It is difficult to trace the origins of Zimbabwean music back to pre-Rhodesian times as there is no documented information on musical activities during the pre-colonial period. What is known for a fact is that there were a lot of musical activities in Zimbabwe long before the arrival of the Europeans in the country.
We can, therefore, safely say that music in Zimbabwe began at the beginning of human kind. The use of drums to send messages to others as well as to celebrate important events was a well-known practice throughout Africa. This practice is still prevalent to this day, especially in rural Africa. There are documented records of musical activities in Ghana, Tanzania and Nigeria dating back to the 14th century. If musical activities were in existence in these countries during this period, there is reason to believe that Zimbabwe also had similar experiences.
Zimbabwe’s traditional musical instruments such as chigufe, hosho, hwamanda and chipendani have been, according to modern scientists, traced back to the 14th century. If such musical instruments were made during this period, they surely must have served one single purpose — which must have been musical performance. An ancient musical instrument, the mbira, used by the Shona people has had an important function in the development of Zimbabwean culture for hundreds of years. The mbira is still a popular musical instrument in today’s Zimbabwe.
According to the late Keith Goddard who worked as a mbira teacher at the Zimbabwe College of Music in the early 1990s, around the year 1450, the famous state of Munhumutapa began to flourish in the North East of Zimbabwe and it is from here that we begin to have a clearer picture of what musical life must have been like from the late 15th century onwards. This was through the first documentary evidence from Father Jos dos Santos, who wrote about mbira and marimba being played around this area. In 1859 in Mozambique, Thomas Baines (a painter who travelled with David Livingstone) made drawings of mbira played with marimba, rattles and panpipes and these were published by David Livingstone in 1865. The drawings portrayed a 22-key mbira. The mbira he drew was very similar to matepe (hera), a type of Shona mbira which some believe was originally imported into Zimbabwe from countries such as Mozambique. However, Tracy Hugh claims that it originated in the Nyambwe area of Mount Darwin District in the north east of Zimbabwe.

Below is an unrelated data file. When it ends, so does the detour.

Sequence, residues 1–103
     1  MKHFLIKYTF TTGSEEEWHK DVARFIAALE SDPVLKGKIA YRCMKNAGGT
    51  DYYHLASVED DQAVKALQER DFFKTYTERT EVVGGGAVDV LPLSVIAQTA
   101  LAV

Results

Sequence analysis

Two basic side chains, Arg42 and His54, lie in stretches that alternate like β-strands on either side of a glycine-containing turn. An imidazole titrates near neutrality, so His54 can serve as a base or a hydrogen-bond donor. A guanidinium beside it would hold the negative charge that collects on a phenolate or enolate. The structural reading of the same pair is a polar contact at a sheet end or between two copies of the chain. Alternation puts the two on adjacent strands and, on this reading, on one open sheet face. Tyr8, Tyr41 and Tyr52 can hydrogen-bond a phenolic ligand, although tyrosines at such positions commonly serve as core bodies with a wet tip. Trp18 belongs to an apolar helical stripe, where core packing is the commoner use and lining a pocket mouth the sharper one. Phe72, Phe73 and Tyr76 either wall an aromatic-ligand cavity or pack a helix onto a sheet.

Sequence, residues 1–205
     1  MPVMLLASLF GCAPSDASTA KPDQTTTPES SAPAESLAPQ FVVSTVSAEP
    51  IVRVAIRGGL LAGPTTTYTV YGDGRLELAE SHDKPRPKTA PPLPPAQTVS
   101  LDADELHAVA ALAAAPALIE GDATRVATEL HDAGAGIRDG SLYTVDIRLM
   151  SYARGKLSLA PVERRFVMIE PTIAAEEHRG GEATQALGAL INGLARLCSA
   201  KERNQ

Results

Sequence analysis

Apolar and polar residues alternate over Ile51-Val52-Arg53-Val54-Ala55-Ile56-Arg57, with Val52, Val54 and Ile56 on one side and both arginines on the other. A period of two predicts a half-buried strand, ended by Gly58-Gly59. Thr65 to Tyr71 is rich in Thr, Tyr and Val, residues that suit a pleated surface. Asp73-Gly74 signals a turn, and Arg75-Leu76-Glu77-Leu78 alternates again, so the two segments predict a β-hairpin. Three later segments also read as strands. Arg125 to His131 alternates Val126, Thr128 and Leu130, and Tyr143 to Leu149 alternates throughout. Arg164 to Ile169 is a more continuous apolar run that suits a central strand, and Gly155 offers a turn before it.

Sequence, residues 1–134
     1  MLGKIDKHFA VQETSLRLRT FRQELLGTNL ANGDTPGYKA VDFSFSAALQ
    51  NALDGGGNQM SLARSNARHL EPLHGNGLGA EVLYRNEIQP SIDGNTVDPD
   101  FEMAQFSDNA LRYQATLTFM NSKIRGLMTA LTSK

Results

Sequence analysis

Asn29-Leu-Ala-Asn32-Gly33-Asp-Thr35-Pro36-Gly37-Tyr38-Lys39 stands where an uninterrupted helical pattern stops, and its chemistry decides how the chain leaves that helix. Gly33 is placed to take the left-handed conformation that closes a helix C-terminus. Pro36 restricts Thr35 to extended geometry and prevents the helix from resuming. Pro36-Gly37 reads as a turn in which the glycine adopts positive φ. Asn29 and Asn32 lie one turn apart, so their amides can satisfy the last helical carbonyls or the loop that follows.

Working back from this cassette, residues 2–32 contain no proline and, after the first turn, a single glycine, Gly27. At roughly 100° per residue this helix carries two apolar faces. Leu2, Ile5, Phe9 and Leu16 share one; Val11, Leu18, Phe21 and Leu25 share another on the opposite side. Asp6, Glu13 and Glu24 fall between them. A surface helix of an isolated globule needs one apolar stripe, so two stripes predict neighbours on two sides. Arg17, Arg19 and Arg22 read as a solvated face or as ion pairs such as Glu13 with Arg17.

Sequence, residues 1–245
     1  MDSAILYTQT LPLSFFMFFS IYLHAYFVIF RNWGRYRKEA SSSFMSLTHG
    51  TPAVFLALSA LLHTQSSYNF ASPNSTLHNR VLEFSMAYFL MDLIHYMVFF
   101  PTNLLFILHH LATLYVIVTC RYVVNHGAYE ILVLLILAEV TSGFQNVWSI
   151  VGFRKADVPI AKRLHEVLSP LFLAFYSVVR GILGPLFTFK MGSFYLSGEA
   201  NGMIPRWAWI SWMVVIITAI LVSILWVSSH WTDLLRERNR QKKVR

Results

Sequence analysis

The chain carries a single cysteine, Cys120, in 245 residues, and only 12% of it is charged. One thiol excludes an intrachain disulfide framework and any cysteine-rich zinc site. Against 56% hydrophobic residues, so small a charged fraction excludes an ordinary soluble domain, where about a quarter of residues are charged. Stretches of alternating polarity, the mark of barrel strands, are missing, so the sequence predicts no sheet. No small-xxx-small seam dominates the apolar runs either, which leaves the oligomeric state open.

The 1950s saw the beginning of a change in the consciousness of the then Rhodesia. The missionaries tried to discourage and destroy the culture of Africans. They believed that they worshipped the devil and the possession of mbira was evil and primitive. They confiscated all musical instruments, especially mbiras, and banned all music-making except church hymns. However, many Africans did not yield to the likes and demands of the missionaries.
They would go to a traditional bira on Saturday and church on Sunday.
The formation of Kwanongoma College in Bulawayo in 1960 also contributed much to the development of Zimbabwe music. The college also became responsible for the manufacture of Zimbabwe style mbiras and marimbas.
It was in the late 1960s that popular musicians such as Thomas Mapfumo came in and continued to explore the indigenous music of the country using authentic traditional instruments such as mbira. By 1991, Thomas Mapfumo had pruned some of his arrangements drastically that all that remains are two mbiras, a pair of hosho and maybe a bit of keyboards and guitar in his album Chimurenga Masterpiece (Goddard, 1991).
The mbira was originally played by men only. Women were not forbidden but it was the responsibility of the man in the traditional society. So the mbira was always seen as a man’s instrument. However, due to urbanisation and western acculturation which led to disintegration of traditional society, there is no longer a division of labour among sexes, hence it is not surprising to find a woman playing the mbira. As Stella Chiweshe, one of Zimbabwe’s leading female mbira players put it: “I counted the number of fingers on a man’s hand, and saw five. I counted the fingers on my hand, they also came to five. So I said to myself, what the hell, if men can play mbira, I can too”.